Budget Treatment of Monetary Credits

AFMD-85-21: Published: Apr 8, 1985. Publicly Released: Apr 8, 1985.

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Pursuant to a congressional request, GAO reported on the use of monetary credits as a financing technique for government acquisitions. When monetary credits are used, the government purchases property by promising to reduce the amount it may later collect on other transactions from the seller. Monetary credits do not entail cash disbursements and are frequently not recognized or controlled in budget processes as a form of spending.

GAO found that the amount of monetary credits that could be issued under existing statutes could reach at least $400 million, exclusive of any interest that might be added to the value of unredeemed credits. In addition, redemption of credits would reduce the retained collections of the redeeming agencies. While existing monetary credit statutes do not contain limits on credit amounts, Congress and the President have acted to bring monetary credits under appropriations control by including limits on cash or monetary credit purchases in budget requests and appropriations bills. GAO believes that the establishment of such limits is consistent with the intent of the Congressional Budget and Impoundment Control Act of 1974. GAO also compared two possible approaches to including monetary credits in budget processes. Under one approach, credit issuances are treated as cash expenditures and recorded as budget outlays and, under the other, appropriations are made to restore agencies' retained collections when reduced by credit redemption.

Matters for Congressional Consideration

  1. Status: Closed - Implemented

    Comments: This recommendation was adopted by P.L. 99-177, the Balanced Budget and Emergency Deficit Control Act of 1985.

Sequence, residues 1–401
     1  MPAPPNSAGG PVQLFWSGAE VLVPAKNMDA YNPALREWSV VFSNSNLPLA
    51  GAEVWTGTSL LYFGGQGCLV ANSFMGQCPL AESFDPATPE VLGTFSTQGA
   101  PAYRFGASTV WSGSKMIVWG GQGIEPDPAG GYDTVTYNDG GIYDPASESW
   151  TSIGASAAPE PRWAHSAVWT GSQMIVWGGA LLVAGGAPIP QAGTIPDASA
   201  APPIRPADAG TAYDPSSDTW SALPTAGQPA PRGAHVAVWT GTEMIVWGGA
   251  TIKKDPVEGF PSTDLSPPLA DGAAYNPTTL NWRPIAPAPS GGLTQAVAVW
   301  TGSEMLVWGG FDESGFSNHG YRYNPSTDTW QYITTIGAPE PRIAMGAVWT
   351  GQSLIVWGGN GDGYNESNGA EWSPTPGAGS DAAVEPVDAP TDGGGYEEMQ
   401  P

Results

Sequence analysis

Matter: Congress should amend the Congressional Budget and Impoundment Control Act of 1974 to provide that it shall not be in order for either the House of Representatives or the Senate to consider any monetary credit bill or resolution unless it includes a provision stating that the monetary credit authorization is to be effective only to the extent or in such amounts as are provided in appropriation acts.

  2. Status: Closed - Implemented

    Comments: This recommendation was adopted by P.L. 99-177, the Balanced Budget and Emergency Deficit Control Act of 1985.

    Matter: Congress should amend the Congressional Budget and Impoundment Control Act of 1974 to provide that it shall not be in order for either the House of Representatives or the Senate to consider any monetary credit bill or resolution, unless it includes in any such bill or resolution whose credits when redeemed could reduce collections retained by an agency a further provision requiring before credit issuance an appropriation, budget authority, to restore retained collections that are reduced by redemptions.

 

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